The boy who cried ‘Bonanza!’
I was walking across the rail tracks at Oshodi a few days ago, its a route I use often on my way to my parent’s house (when I go through the valley of the shadow of public transport, but then that’s another story), pickpockets were everywhere, traders were showcasing their wares, touts were bullying said traders. Basically, nothing was out of the ordinary.
A few feet to the usual spot where the bus conductors try to drown each other’s voices in their bid to lure passengers, I noticed an unusual flurry of activity around a particular trader that had a heap of ‘bespoke’ shirts in front of him, ladies and gentlemen alike were tussling to get their hands on the best items before the next chap, and in the background, like a movie soundtrack, I could hear a young boy shouting at the top of his voice…
“Bonanza! Bonanza! Buy your office shirts for N500 only!”
Normally, I would ignore and forge ahead, keeping my head in a swivel to be constantly alert for any trouble (as per military training from TV shows), but something I couldn’t quite point out hit me about this particular scene.
After picking out a bus, arguing with the conductor about the fare and shouting at the driver to not ‘kill me for my mother’ with his reckless driving, I settled down, and it hit me. I had seen that very trader at the same spot a few weeks earlier, selling the same heap, for the same price, but people didn’t glance at him twice as they passed by, I remembered feeling pity for him as it looked like his efforts were for naught.
So what had changed? I thought about the two times I had noticed him, the differences in his presentation and outcomes. In that bus, between the shouts of ‘Buhari is useless’ and ’This economy is bad’, I thought of a few theories.
Theory 1: Most of the time, people don’t buy needs, they buy deals.
The basic necessities for life are food, shelter and clothing, in that order. Humans only ‘need’ clothes for protection from the elements and to maintain a sense of decency (although looking at fashion trends today, the second point can be argued). Every purchase made outside these elements is usually more emotional than logical. On the plus side, these emotions can be hacked.
Case in point, our bespoke salesman on the rails of Oshodi; When it comes to the final facedown between the buyer and the seller, the buyer always wants to walk away feeling like they had a good deal, not just a good deal, but a better deal than the seller. By screaming ‘Bonanza!’, this man had tapped into that little nudge in the brains of some simpletons that ’This deal would favour me more than it would the seller’, so they flocked to ‘take advantage’ of him.
Theory 2: People still rely on their most basic instincts to make buyer decisions.
We see this one everywhere, advertisers and promoters play on our base emotions to nudge us towards a sale. Guys will buy things if the ads promise them (subconsciously) that it would help them score more girls, look more powerful in a meeting or be more intimidating during sports, quite synonymous with neanderthals wearing animal bones to insinuate ferocity to their clans and potential mates.
By getting a small boy, between 8–10, to do the shouting, this seller unknowingly appealed to the motherly instinct of the young ladies passing by, at least enough for them to look at the boy and find out what he was on about. Once the ladies showed interest, the gentlemen, in their subconscious never-ending quest to find out what women really want, stopped to investigate.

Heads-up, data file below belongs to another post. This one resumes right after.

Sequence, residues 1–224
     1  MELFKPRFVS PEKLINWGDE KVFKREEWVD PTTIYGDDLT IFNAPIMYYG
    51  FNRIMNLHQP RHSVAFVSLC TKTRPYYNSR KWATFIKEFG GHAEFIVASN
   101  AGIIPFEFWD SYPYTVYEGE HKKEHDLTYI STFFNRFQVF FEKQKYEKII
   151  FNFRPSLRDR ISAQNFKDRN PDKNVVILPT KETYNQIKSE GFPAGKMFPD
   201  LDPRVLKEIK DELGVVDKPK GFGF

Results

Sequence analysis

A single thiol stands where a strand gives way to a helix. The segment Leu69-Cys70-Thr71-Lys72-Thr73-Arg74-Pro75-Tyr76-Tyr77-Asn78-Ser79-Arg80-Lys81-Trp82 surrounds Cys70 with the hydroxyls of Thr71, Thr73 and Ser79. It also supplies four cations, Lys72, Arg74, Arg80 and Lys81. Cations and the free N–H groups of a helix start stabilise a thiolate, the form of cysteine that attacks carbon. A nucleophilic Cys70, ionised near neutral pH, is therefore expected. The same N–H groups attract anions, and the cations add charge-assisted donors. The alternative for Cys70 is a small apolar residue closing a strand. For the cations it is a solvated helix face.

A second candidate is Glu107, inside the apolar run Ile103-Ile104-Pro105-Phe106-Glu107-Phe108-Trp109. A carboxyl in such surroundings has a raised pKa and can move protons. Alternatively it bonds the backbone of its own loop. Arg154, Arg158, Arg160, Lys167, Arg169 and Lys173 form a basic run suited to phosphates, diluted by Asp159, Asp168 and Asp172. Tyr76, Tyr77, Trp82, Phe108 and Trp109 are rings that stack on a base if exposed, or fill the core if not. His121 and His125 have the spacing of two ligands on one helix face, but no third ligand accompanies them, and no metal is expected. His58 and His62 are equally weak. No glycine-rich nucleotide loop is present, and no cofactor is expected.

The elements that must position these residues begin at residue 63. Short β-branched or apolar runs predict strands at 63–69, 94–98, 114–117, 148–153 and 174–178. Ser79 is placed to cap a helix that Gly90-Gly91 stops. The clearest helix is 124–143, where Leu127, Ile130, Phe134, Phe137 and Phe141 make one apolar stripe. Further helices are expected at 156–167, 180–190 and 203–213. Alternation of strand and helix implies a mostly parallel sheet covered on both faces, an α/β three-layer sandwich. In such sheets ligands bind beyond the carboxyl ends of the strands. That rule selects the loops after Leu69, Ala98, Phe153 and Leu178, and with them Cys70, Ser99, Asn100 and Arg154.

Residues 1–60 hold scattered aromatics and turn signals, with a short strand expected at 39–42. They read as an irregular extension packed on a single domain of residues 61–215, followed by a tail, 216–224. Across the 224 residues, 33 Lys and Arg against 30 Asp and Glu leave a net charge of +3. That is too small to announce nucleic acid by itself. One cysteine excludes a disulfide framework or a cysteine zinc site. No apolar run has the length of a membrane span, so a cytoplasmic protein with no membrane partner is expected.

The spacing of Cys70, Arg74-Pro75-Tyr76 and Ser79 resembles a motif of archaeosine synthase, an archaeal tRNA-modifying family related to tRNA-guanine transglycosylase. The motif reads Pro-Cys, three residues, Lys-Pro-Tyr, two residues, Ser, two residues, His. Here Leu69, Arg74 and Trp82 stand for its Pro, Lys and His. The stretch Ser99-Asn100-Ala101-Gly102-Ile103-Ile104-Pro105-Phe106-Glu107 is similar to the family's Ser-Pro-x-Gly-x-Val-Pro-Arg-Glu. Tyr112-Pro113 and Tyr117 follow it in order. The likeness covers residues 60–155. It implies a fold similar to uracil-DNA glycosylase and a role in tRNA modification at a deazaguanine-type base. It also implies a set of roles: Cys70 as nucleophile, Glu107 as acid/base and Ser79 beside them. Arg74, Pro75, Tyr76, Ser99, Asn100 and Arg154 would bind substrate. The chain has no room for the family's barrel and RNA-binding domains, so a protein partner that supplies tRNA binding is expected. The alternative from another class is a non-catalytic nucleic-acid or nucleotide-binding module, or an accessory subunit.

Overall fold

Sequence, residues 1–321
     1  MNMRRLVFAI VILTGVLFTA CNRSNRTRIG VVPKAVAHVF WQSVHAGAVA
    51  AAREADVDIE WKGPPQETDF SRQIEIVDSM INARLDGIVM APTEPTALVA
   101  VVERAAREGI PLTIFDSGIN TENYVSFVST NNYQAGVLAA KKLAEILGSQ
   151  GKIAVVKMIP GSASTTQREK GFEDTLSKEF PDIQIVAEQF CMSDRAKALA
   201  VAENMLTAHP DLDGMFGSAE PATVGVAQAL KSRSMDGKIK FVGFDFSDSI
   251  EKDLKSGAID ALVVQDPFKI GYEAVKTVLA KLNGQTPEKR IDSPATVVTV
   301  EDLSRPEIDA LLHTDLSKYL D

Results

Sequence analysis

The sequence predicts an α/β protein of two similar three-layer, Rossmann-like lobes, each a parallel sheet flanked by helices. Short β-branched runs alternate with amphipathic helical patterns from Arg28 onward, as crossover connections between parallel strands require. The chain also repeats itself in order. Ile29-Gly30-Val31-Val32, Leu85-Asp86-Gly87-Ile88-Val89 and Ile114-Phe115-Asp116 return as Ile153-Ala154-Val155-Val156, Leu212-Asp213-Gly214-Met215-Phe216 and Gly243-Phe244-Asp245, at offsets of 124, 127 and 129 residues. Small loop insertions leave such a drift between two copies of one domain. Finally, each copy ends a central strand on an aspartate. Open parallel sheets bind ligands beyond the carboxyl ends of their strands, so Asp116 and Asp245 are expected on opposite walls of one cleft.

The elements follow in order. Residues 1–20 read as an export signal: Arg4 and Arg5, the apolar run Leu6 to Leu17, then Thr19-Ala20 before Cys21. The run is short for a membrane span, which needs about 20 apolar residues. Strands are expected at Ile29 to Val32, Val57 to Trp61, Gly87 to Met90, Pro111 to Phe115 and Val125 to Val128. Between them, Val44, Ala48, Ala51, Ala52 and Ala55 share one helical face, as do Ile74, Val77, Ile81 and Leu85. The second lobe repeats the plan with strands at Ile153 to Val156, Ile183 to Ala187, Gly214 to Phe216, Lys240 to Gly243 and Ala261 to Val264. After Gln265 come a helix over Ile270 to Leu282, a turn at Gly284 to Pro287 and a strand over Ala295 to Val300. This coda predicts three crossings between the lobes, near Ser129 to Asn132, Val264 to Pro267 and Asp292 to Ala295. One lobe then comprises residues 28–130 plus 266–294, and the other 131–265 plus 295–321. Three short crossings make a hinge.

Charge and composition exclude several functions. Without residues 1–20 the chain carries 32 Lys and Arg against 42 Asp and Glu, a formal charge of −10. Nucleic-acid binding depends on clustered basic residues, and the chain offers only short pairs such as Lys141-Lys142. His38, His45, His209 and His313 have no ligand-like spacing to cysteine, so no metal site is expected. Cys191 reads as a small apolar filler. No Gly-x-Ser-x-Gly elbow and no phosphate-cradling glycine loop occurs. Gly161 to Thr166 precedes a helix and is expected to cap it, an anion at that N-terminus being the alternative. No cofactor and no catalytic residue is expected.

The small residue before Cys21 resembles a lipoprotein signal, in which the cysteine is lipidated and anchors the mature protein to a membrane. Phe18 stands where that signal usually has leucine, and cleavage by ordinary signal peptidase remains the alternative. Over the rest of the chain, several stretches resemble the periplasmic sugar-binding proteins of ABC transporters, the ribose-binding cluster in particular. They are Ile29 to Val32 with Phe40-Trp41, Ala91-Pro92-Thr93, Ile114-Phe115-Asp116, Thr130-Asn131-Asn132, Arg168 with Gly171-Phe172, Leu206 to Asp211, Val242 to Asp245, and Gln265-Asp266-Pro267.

Theory 3: Advertising might make them come, but good products/services will make them stay.
This is where a lot (and I mean a lot!) of people get it wrong. As much as you think you have the next big thing and all you need is for the world to see it, you have to dedicate a lot of time and effort into ensuring that your product is not only good from your point of view, but from everyone’s.
It’s why I believe organic growth is a necessity for any business for at least 3–6 months before you dole out the huge advertising budget and put your products in our faces, under every mention (Yes i’m subbing you Twitter).
Organic growth helps you manage feedback and fine tune your product from your idea to what the public really wants, but I digress.
My seller-muse may have used his ‘Bonanza tactics’ to get his potential clients to stare at his heap for just one second longer than they usually would, but his products were good enough to keep them interested and that’s what made the difference.
Theory 4: Blow your trumpet, people won’t blow it for you, they’ll just amplify the sound.
Long story short “My product/service is so good it will sell itself” = Big. Fat. Lie!
You have to let people know about what you do, if they don’t know, they won’t come looking for you because, well, they don’t know. Believe it or not, people don’t always know what they need until you tell them they do.
That seller would have laid around with his apparently good stock, smiling to himself and going home empty handed if he didn’t step up and find ways to get the word out and direct traffic to his little corner.
It was somewhere around this thought that I got to my bus stop, I glanced at the motorcyclists parked around, but my usual ‘guy’ wasn’t there so I had to use an alternative. Climbing unto the back of the bike, I realised that even though he was ‘my guy’, I had picked his bike supposedly randomly the first time, so what happened? how did he become my guy?
The rest of the bike ride was me thinking up even more theories on customer retention, I hope I find the time to pen those down too.